The Poor Man's Accountant
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Taxman 2010

Version 1.2 Ready!

There's been some minor changes with Version 1.2 — see below at Bugs and Version History for all the changes.
For the 2010 tax year one of the big changes is the Ontario Credits form, which has ballooned to 4 pages (I cram it into 3). Both the governments of Alberta and Ontario claim to be pro-business, yet they see tax credits for their citizens at the opposite ends of the spectrum. Alberta doesn't even have a credits form and Ontario has turned its form into a Grade 12 math exam. It's not hard to understand why Quebecers think separation is the only solution.
The other greatly-changed form is the GST Rebate (GST370) which has been expanded to handle the myriad of GST/HST rates possible for 2010. This is a one-year-only form and I haven't made it completely effortless. If your GST rate changed halfway through the year, you have to manually split up your expenses into the right columns with the right percents. Next year this form will be completely revised and year after that it will be revised again when BC kicks the HST out of town. The first ones to suffer will be the accountants, but how can you reason with an angry mob?

Taxman 2010 only comes as an Upgrade so you must already have the full Taxman installed on your computer (any year's full version makes all upgrades work).

Taxman!   Taxman2010 Upgrade Version 1.2 (10setup2.exe, 1.6 MB)
Revised July 23, 2011 — any little thing that popped up over the tax season has now been fixed

Clicking the link below takes you to Google Drive where you have to press the 'Download' button. You then go to a page telling you the file can't be scanned for viruses — press 'Download anyway'. Then a pop-up appears and you hit 'Save File'.

Download Upgrade Version 1.2
from Google Drive!

    Announcing!     Fabulous New Features

  • Automation for the Nation!
    In past years one had to manually transfer any unused foreign tax to Line 232, but never more. Now you just have to pound a button until all the foreign tax is used up. Accountants will have a hard time justifying their salaries with a program like this.
    Every year I have a half a dozen customers who don't need to use all of a deduction to drop their taxes to zero. The question then becomes: what is the exact figure that makes the federal or provincial tax equal to zero? Once upon a time a little arithmetic could solve the problem, but today too many numbers are begatted from other numbers. Yet fear ye not if our brains can't keep up with the new math — Taxman to the Rescue! Who needs algebra when you can just open up the aptly named What makes taxes=0 form and get that computer to earn it's keep.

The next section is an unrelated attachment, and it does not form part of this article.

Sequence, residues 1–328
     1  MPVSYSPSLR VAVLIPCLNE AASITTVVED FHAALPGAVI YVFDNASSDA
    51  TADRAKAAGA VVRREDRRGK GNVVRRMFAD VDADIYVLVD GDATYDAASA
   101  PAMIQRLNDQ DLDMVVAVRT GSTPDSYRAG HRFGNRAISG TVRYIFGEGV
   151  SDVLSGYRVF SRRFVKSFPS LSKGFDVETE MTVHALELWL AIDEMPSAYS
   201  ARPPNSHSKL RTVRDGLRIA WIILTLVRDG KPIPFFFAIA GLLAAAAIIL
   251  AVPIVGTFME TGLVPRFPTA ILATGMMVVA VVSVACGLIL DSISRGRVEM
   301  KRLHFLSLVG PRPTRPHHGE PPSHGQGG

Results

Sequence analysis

• Supersized Print Menu!
    Now you can print all the forms from the final Print Menu. This should be a massive timesaver because the computer will be doing the collating for you. I probably should have done this years ago but I was scared of the hill I'd have to climb. And as events would show, I had every reason to worry. Regardless, the work is in the bank, let's reap the reward!
    When Print Menu opens, the forms that are checked off to be printed are only suggestions, not the law. Don't send the government blank, meaningless forms.
    If you've multiple businesses, rentals or farms, then you must print them from their own menu because Print Menu only prints the forms that are currently open and showing.

  • Plus More!
    There's always a bevy of embellishments, adding grease to the gears.
    Notable mentions:
    A new Forget checkbox on Persons that lets you remove that person from any future data transfers. This only works for Send Basics this year, next year it's universal.
    Groovy sounds! I believe I've figured out Canada's copyright rules, and so now I can give you the complete gaming experience. With the help of Prokofiev's music, let me take you deep into the dark forest of your tax return. From which, with care, you will triumphantly return — dragging the wolf behind you.

New Tax Changes
If you're a single parent receiving UCCB, you can now pass that UCCB on to a dependant and hopefully avoid paying taxes on it. If you claimed an eligible dependant at Line 305, then all the UCCB must be added to their income, which may affect your claim at Line 305. If for some strange reason no claim is made at Line 305, then you can add all the UCCB to the income of any child for whom the UCCB was received; and you declare this by entering all the UCCB at Line 185 and leaving Line 117 blank. There are probably three single parents in the country who are not claiming at Line 305 — Line 185 is all for them.

                  Bugs and Version History

Alfred E. Neuman: "Today, it takes more brains and effort to make out the income-tax form than it does to make the income."   What, you worry?   Not with Taxman here!   When faced with untold pain and suffering, only a madman would refuse free help.

Taxman! Comments?   Email the Taxman  |  Read this year's essay

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